Al Gore is a former vice president of the United States, a Nobel Peace Prize laureate, and a leading environmental activist. He is best known for his role in the 2000 presidential election, which was one of the most controversial and disputed in American history.
Gore was born on March 31, 1948, in Washington, D.C., to a prominent political family. His father, Albert Gore Sr., was a Democratic congressman and senator from Tennessee, and his mother, Pauline LaFon, was one of the first women to graduate from Vanderbilt University Law School. Gore attended Harvard University, where he majored in government and wrote a senior thesis on the impact of television on the presidency. He also met his future wife, Mary Elizabeth “Tipper” Aitcheson, at Harvard.
After graduating from Harvard in 1969, Gore enlisted in the army and served as a military reporter in Vietnam for two years. He then returned to Tennessee and worked as a journalist for The Tennessean newspaper, while also studying philosophy and law at Vanderbilt University. He entered politics in 1976, when he won a seat in the U.S. House of Representatives at the age of 28. He was reelected three times before running for the U.S. Senate in 1984. He won the Senate race and became one of the youngest senators in history.
In 1988, Gore ran for the Democratic presidential nomination, but he lost to Massachusetts Governor Michael Dukakis. He remained in the Senate and became a prominent voice on issues such as arms control, environmental protection, and technology. In 1992, he was chosen by Arkansas Governor Bill Clinton as his running mate for the presidential election. The Clinton-Gore ticket defeated the incumbent Republican President George H.W. Bush and Vice President Dan Quayle, and Gore became the 45th vice president of the United States.
As vice president, Gore was an influential and active partner to Clinton, overseeing initiatives such as the National Performance Review, which aimed to reform and streamline the federal government; the Reinventing Government program, which sought to make government more efficient and responsive; and the Information Superhighway project, which promoted the development of the internet and telecommunications. Gore also played a key role in foreign policy, especially in relation to Russia, China, and the Middle East. He was instrumental in negotiating and signing the Kyoto Protocol, an international agreement to reduce greenhouse gas emissions and combat climate change.
In 2000, Gore ran for president again, this time as the Democratic nominee. He faced Texas Governor George W. Bush, the son of his former opponent George H.W. Bush, as well as third-party candidates Ralph Nader and Pat Buchanan. The election was extremely close and came down to a few hundred votes in Florida, where irregularities and disputes over ballot counting triggered a series of legal challenges and recounts. The election was ultimately decided by the U.S. Supreme Court, which ruled 5-4 in favor of Bush in Bush v. Gore on December 12, 2000.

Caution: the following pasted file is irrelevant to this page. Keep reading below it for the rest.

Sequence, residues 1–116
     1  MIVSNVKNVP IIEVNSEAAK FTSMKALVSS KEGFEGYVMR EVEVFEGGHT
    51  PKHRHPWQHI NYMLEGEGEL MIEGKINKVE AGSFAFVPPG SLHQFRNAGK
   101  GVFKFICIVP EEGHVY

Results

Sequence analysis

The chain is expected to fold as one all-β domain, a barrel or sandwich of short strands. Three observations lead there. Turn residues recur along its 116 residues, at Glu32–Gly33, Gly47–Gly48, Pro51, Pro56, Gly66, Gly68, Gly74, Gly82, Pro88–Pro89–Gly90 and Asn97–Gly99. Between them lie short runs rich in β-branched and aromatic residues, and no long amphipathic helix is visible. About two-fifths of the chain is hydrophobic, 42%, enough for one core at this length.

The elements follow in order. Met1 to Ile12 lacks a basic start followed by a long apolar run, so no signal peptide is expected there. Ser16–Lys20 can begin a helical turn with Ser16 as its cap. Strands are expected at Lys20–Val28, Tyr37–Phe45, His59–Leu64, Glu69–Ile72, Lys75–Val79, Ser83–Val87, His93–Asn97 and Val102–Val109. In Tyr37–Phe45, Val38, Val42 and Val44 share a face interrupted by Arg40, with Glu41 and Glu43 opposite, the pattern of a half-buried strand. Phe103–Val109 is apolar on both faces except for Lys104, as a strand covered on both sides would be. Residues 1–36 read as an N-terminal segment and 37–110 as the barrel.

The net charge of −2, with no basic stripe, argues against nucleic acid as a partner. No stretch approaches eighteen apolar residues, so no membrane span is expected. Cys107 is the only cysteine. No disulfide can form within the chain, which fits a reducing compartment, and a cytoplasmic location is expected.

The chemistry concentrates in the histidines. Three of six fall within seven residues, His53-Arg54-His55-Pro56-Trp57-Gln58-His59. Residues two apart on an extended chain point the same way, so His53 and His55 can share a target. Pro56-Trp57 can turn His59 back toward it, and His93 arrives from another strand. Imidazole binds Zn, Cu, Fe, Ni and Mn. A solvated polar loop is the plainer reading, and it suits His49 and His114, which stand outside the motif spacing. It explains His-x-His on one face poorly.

Gore conceded the election to Bush on December 13, 2000, after winning the nationwide popular vote by more than 500,000 votes but losing the electoral college vote by five votes (271-266). He became one of only five presidential candidates in American history to lose an election despite winning the popular vote.
After leaving office in 2001, Gore remained active in public life as an author, speaker, businessman, and environmentalist. He wrote several books on topics such as global warming, democracy, and technology, including An Inconvenient Truth (2006), The Assault on Reason (2007), Our Choice (2009), The Future (2013), and An Inconvenient Sequel: Truth to Power (2017). He also founded or co-founded several organizations and companies related to climate change and sustainable development, such as The Climate Reality Project (formerly The Alliance for Climate Protection), Generation Investment Management (a firm that invests in green businesses), Current TV (a cable news network that was later sold to Al Jazeera), Apple Inc. (where he serves as a board member), Google (where he serves as a senior adviser), and Kleiner Perkins Caufield & Byers (a venture capital firm that funds clean technology startups).